I friend of mine emailed a quite lengthy response to my last blog, The Real-World Star Trek Would Be Far From Utopia. My story, and her comments, were about what kind of world we might expect to live in, should reality mirror the future of the TV show(s) in which technology enables humanity to instantly reconfigure matter to meet our very need, thus eliminating scarcity, and need to actually work for a living.
Here are what I take to be her most salient comments, along with a few follow-up thoughts of my own—and even a tie in to financial advice!
“One of the issues I have with Economics,” she wrote, “is that it doesn’t really seem to work: I mean, look around! Where we are today is the direct result of economics, is it not? Yet we cling to the notion as it drowns us!”
First, I can only say: seriously? And yet I do think this is an important issue for financial advisors today—both because it seems to be a widely held view in our society and for what it says about the human condition.
As most of you know, “economics” is just a collection of observations and thoughts about “stuff.” Stuff is reality. We all need stuff to live: air, water, food, shelter, defense from predators (including each other), medicine, etc. Economics is about how we find, make, and get the stuff we need—and who gets how much of what.
As it turns out, there are a lot ways to do these things, and history suggests that some do work better than others.
This writer captures the common belief that our current economic system isn’t working very well. The reality is quite the opposite: In America today, and much of the world, we all have way, way, way, more stuff than any humans have had at any time in history: more food, shelter, clothing, medicine, information, education, etc. Even the poorest of us today have way more than the richest did just 200 years ago: live longer, know more, are more mobile, etc. A few years back, the University of Michigan economics department released a study that found the average person on welfare in this country today enjoys an economic lifestyle equal to someone in the middle class in 1965. And for the first time in recorded history, one of the biggest problems in America today—at every economic level—is obesity: which pretty much says it all.
How, then, is it that we collectively have come to believe just the opposite? Some of it may be the media’s penchant for selling crises, but I suspect the real problem is deeper than that. As a culture, we seem to have the mass belief that the key to happiness is having more stuff. But as mountains of research has shown (and like many older folks, I’ve come to realize), happiness doesn’t come from having more stuff. Sure, we might be happier for a little while, but then we just go back to being unhappy that we don’t have even more stuff.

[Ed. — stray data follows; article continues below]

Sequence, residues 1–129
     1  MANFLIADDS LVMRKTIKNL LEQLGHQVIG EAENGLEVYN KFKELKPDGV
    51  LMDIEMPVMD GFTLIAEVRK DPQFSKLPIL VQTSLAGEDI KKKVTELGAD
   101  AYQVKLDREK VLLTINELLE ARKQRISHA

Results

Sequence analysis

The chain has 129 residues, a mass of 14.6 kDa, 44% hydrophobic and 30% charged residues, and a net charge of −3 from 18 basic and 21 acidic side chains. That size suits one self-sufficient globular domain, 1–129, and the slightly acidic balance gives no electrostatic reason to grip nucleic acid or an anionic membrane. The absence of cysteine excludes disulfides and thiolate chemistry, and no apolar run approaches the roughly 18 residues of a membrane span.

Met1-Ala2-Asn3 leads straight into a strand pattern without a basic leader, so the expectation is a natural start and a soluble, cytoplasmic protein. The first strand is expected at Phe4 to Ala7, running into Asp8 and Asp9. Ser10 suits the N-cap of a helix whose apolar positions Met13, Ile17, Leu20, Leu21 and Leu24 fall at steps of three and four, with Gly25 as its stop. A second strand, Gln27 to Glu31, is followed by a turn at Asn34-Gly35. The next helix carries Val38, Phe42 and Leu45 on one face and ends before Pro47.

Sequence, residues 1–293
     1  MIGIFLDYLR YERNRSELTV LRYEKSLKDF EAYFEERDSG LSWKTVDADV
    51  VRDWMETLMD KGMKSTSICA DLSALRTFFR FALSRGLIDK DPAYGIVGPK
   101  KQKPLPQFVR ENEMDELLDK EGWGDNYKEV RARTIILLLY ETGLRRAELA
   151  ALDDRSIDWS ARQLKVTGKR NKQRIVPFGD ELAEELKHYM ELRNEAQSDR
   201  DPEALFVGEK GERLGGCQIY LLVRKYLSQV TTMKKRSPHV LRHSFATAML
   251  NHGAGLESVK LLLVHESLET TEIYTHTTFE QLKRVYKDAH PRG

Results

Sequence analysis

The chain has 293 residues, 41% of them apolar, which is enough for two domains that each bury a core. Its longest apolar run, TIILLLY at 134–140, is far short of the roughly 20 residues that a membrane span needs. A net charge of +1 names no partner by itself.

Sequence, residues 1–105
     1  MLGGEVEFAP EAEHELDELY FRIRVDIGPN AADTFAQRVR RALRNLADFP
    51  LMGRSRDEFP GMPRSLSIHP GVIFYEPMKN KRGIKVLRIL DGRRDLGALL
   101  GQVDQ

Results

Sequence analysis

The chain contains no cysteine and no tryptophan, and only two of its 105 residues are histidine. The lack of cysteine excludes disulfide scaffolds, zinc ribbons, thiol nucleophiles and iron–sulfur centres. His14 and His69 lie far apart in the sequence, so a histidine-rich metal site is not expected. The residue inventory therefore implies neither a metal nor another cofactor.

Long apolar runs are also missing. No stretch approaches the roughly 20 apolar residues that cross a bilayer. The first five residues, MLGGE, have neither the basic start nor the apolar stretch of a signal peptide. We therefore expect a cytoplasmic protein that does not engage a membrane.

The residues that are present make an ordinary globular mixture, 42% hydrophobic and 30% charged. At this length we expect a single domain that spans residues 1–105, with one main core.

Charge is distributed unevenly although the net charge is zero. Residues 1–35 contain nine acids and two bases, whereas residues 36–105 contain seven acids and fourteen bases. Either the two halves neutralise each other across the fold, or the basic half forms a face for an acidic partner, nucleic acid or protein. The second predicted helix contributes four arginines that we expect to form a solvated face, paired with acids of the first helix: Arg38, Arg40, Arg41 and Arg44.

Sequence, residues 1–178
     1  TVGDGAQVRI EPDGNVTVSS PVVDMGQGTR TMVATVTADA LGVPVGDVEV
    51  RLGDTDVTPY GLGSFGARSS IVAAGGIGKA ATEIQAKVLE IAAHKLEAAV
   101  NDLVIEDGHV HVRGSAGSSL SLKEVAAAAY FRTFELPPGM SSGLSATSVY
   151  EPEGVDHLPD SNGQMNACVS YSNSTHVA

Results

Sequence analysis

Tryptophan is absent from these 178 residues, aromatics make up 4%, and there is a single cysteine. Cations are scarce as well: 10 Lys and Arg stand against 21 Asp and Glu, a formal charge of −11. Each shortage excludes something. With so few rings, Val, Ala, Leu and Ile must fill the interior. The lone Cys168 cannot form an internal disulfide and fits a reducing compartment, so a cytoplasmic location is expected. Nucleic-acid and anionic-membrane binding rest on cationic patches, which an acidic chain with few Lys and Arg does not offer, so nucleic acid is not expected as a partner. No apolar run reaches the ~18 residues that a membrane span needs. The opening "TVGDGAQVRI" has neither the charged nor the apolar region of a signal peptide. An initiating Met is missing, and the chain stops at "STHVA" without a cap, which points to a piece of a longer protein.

As I wrote in my July column in Investment Advisor, Endorphinomics: Working on Happiness, in his new book “Endorphonomics,” Steve Moeller cited a University of Chicago National Opinion Research Center report. It found that since 1957, the purchasing power of Americans nearly tripled, from about $12,000 a year to about $33,000 in 2011 (in inflation-adjusted dollars). However, during that same period, “the percentage of people responding that they were ‘very happy’ declined from 35% to 29%.” More stuff, less happiness.
As for the Star Trek economic model, I suspect a “replicator” (the device that can create any physical item we want, anytime we want it, out of pure energy) would only fuel this misplaced desire: taking us to new heights of excess and greed. We don’t need to get more stuff: we need to change the way we view ourselves, and the world around us. That’s where the real “utopia” lies.
Back in 1996, Denver financial planner Jim Schwartz, one of the founders of NAPFA, said as much in his book, aptly titled: “Enough.” In it, he suggests that a financial planner’s job is not to fuel his/her clients’ drive for ever-larger portfolios. Rather, planners can help clients reach a higher level of happiness by working with them to understand what they need to be truly happy, and to focus on attaining that, and no more.
Schwartz’s vision seems more important today than ever—and the good news is that advisors don’t need a “replicator” or a starship to reach it.